I ran into an acquaintance I hadn’t seen in years. We are both the same age and have sons in the schizophrenia spectrum. After catching up with the requisite “How are you,” “How’s your son,” and the identical answers of “Not so great,” she said, “What did we do to deserve this?” My immediate reaction: “We didn’t do a thing.” Just like an unexpected car accident, our sons’ ultimate fate was not in our hands or even theirs.
Both of our kids became ill in their early twenties, the most common time for this disorder to strike young men. Barring the inevitable exception, in women it usually begins a few years later, late twenties or even early thirties. That curious fact leads me to question the biology behind the illness. Generally women mature before men (physically speaking), but in this case those extra years give them time to finish college, learn useful job, life, and social skills so that the course of the illness is less severe. Whereas females with schizophrenia often marry, males seldom do. Isolation is also common in males, just as it is with our sons.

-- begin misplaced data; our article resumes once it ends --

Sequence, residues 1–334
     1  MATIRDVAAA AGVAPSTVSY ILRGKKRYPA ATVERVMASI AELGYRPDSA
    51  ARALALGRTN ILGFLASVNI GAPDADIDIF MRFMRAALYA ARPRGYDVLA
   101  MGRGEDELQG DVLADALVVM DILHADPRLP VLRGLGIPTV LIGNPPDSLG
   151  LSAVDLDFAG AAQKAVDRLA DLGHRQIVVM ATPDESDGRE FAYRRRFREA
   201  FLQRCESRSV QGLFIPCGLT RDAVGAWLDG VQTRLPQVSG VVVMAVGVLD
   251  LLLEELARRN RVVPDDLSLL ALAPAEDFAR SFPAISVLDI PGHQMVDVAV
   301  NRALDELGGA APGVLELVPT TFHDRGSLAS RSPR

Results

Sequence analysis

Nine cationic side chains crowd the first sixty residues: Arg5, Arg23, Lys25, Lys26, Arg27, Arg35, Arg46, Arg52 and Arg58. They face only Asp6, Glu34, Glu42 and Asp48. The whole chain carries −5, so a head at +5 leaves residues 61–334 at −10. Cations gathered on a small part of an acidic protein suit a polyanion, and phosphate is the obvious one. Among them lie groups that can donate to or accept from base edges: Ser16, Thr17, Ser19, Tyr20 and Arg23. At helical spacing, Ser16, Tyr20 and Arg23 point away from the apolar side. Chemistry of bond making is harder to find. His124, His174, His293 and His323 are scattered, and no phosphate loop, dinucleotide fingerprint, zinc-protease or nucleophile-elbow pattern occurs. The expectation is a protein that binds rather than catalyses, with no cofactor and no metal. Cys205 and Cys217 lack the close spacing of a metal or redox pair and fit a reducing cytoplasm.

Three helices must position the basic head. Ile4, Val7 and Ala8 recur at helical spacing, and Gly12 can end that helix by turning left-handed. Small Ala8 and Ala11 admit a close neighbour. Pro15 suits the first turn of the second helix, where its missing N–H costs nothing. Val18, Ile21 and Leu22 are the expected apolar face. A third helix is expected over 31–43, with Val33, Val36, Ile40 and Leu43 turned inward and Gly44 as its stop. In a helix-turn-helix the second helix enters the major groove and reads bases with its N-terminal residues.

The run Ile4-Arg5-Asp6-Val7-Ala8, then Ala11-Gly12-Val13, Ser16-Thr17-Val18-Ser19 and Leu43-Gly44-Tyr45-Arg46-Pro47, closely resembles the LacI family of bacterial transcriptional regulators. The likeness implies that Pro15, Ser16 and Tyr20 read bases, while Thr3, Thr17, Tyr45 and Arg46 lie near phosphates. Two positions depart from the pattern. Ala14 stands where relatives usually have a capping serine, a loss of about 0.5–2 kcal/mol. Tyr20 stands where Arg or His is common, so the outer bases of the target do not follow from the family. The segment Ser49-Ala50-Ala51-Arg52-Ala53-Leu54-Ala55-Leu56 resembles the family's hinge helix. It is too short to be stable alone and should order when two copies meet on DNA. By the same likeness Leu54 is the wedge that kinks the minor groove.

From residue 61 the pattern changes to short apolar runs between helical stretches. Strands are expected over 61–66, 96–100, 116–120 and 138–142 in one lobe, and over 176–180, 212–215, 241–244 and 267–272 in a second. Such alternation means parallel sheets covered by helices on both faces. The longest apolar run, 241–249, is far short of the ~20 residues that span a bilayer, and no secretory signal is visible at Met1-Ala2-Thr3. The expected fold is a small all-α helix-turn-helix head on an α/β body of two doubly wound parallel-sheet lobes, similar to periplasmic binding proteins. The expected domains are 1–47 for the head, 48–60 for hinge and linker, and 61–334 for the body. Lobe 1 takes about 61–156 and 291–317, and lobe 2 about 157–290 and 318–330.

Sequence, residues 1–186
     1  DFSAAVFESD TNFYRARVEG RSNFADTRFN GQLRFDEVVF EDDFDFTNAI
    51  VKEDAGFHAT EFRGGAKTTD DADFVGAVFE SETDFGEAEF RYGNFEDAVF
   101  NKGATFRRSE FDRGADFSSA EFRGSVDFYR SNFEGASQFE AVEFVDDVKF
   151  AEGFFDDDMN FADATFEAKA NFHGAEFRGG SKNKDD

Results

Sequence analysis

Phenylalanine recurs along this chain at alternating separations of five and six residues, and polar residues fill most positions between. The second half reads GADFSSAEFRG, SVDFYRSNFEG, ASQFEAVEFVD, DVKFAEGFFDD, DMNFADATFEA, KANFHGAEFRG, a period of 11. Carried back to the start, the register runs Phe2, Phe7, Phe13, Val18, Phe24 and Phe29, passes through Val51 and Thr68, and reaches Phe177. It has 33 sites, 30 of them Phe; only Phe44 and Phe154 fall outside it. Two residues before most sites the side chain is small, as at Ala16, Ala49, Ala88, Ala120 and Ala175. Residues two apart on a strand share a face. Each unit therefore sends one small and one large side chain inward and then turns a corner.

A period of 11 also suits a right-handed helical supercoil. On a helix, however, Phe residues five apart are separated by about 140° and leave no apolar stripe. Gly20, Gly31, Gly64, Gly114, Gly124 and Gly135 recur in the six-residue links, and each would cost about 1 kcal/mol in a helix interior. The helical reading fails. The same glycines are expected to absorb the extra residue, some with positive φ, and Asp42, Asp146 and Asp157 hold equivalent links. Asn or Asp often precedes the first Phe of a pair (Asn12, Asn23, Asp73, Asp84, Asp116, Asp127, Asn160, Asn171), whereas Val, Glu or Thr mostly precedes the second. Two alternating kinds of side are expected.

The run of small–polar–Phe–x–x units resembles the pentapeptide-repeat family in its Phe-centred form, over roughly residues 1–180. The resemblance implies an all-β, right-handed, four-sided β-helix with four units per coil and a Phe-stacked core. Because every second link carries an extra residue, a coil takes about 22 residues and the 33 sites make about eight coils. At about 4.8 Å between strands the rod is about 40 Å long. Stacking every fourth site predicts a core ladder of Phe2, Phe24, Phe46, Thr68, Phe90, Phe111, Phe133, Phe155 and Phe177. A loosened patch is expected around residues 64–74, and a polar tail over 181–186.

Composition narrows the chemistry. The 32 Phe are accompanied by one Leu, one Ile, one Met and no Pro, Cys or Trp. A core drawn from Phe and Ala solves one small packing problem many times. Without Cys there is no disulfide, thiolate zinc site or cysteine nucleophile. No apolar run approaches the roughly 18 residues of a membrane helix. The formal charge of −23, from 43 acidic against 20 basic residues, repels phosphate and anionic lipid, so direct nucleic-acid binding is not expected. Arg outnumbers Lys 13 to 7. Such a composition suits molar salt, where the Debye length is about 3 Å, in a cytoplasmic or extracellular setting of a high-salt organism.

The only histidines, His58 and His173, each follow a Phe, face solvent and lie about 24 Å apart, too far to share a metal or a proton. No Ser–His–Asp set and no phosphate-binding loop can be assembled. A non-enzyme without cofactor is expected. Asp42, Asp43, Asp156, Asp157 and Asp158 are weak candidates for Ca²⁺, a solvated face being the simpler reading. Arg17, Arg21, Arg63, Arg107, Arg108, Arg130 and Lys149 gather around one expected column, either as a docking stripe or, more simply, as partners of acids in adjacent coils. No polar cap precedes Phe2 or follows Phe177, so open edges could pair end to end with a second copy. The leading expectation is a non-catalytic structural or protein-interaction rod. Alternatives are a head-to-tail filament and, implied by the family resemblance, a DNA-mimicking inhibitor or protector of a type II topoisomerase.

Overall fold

But to get back to her original question of what we did to deserve this, I can only reflect how life has no guarantees and, furthermore, how the mystery of what causes this life-altering, common disaster is still down the yellow-brick road. Maybe the answer will come in my lifetime, maybe not, but I hope for the sake of future victims and their families (also victims), that it comes sooner rather than later because it’s an affliction no one, in his right mind—or otherwise—deserves.